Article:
Why not Kalua Pig for Labor Day?
As we were walking on the grounds of the Royal Kona hotel in Kailua-Kona on vacation last week, we came across two workers preparing kalua pig for the evening’s luau. It brought back memories for Steve, whose grandfather used to host luaus for family and friends in his backyard in Aina Haina (on the Island of Oahu). These were grand affairs with a party tent, professional musicians and many guests.
We watched as the workmen put heated stones in the cavity of the well-salted pig, then lay the pig, nestled in a chicken wire carrier, on a bamboo rack over hot rocks in the imu (the cooking pit). They covered the pig with banana leaves, then ti leaves, a wet tarpaulin to induce steam, then finally shoveled dirt over all, creating a nice, warm environment where the pig would slow-cook for hours, getting moist and juicy, smoky and utterly delicious. Tender to the bone, the kalua pig would be shredded before serving.
Traditional accompaniments are Hawaiian salt (coarse sea salt), poi and lomi salmon, a dish of shredded salted salmon, chopped onion and diced tomatoes massaged by hand (“lomi-lomi” meaning to massage) to combine.
With kalua pig on the mind, when we moved from our hotel in Kona to a rented vacation house in Hakalau, we made oven kalua pig to enjoy on our lanai, making our own luau. We served it with poi and since we didn’t have the salted salmon, I simply diced some local-grown tomatoes and Maui onion and seasoned it with salt. There’s something about the richness of the pig with the fresh, tartness of tomatoes and the bite of onion that is an irresistible combination, with our without the salmon.
This Labor Day, why not do a Hawaiian luau with Oven Kalua Pig? It’s very easy to prep; the only time-consuming part is the 4 ½ hours of roasting required to get the pork fork-tender. While poi is available at some Asian-Pacific grocery stores on the Mainland, it’s an acquired taste. So unless you know you like it, skip the poi and roast some sweet potatoes, which is still in keeping with Hawaiian traditions. For lomi salmon, you can dice lox, tomatoes and onion, massage together with clean hands, and salt to taste. Keep chilled until your kalua pig is ready. You could also make a tropical fruit salad with chunks of pineapple (we show you how to cut it up), papayas, mangos and bananas.
If you have leftover kalua pig, try these uses:
- Use it as a pizza topping as they do at Café Pesto in Hilo, with shredded kalua-style pork, sweet onions and Hawaiian pineapple.
- Or try in in a sandwich of kalua pig with Swiss cheese, caramelized onions and barbecue sauce, a specialty of the Hilo Bay Café.
- Tuck it into a quesadilla, as seen on the menu at Bamboo in Hawi, with jalapeno jack cheese,then topped with tropical fruit salsa and sour cream.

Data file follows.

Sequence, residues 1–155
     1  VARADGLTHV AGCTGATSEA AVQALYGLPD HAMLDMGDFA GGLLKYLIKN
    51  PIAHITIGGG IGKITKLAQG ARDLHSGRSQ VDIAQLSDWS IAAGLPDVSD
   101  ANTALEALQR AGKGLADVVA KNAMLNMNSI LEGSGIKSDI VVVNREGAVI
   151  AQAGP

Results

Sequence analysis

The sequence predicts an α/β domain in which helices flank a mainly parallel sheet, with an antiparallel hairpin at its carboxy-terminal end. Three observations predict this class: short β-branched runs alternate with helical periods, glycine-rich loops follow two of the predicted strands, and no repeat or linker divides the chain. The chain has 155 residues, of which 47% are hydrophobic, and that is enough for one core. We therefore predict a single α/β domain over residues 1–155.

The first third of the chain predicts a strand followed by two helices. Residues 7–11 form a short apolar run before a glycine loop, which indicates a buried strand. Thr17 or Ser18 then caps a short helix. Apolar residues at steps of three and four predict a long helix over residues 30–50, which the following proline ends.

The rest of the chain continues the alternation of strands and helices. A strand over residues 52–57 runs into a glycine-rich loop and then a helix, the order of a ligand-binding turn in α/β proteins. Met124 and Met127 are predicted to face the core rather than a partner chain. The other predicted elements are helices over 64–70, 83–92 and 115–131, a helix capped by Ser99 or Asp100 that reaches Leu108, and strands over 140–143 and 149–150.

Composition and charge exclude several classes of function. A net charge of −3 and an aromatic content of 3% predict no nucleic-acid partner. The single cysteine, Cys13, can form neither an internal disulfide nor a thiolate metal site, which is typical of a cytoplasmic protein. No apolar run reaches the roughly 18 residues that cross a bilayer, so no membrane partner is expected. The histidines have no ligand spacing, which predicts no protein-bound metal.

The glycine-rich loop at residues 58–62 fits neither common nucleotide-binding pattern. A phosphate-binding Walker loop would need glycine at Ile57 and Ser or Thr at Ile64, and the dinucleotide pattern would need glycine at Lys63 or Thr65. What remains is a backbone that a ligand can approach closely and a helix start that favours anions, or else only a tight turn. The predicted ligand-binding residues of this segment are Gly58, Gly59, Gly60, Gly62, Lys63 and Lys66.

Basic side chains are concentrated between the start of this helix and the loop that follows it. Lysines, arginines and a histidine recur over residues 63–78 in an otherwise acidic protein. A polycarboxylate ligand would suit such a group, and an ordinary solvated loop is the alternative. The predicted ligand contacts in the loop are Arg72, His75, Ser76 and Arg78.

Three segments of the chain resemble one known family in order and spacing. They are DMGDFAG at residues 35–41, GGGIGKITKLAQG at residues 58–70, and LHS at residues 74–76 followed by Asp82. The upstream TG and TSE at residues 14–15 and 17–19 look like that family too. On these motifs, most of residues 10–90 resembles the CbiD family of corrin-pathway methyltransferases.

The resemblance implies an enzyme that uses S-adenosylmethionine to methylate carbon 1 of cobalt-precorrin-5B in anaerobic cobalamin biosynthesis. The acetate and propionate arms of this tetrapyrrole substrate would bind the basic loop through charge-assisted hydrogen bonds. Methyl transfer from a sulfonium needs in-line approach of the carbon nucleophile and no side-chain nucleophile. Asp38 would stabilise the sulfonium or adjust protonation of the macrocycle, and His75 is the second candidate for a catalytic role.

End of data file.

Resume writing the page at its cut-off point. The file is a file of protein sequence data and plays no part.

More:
- Simply stir-fry kalua pig with shredded cabbage, a typical Hawaiian home-style meal.
- Or use the kalua pig and cabbage wrapped in flour tortillas, as served at Tex Drive In in Honokaa, where it’s billed as a Local Wrap on the menu.
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Oven Kalua Pig
4- to 5-pound pork butt
2 ½ to 3 tablespoons Hawaiian salt or coarse sea salt
2 tablespoons liquid smoke
3 ti leaves, de-ribbed, optional (see note below)
Heat oven to 350 degrees. Lay ti leaves on a large cutting board, overlapping slightly. Place pork butt in the center of the ti leaves. Sprinkle the salt on the pork and rub all over so the entire pork butt is salted. Sprinkle liquid smoke and rub all over. Wrap the ends of the ti leaves over the pork butt to encase completely. Secure with toothpicks if needed. Tear off a length of heavy duty aluminum foil about 2 ½ times the size of your ti-leaf-wrapped pork. Place the pork on the foil and wrap, securely, folding ends of foil to seal so the package is watertight.
(If you aren’t using ti leaves, simple place the pork butt on the foil, sprinkle with salt and liquid smoke and wrap, sealing ends securely.}
Place foil-wrapped pork in a baking pan. Add water to reach 1 inch up the side of the pan and roast for 1 hour. Reduce heat to 325 degrees and roast 3 ½ hours longer.
Remove pork from the oven and carefully remove foil and ti leaves. Hot steam can burn, so open foil a little at a time to allow steam to escape. Using two forks, shred pork.
Makes 6 to 8 servings.
Note: Ti leaves can be found at some florists or online. Wash thoroughly before using. Turn the leaf so the center rib is faced up. With a sharp paring knife, slice along the rib to remove, being careful not to cut through the leaf. This makes the leaf more supple and easier to wrap. You can also use banana leaves or skip the leaves and just wrap the pork in foil.
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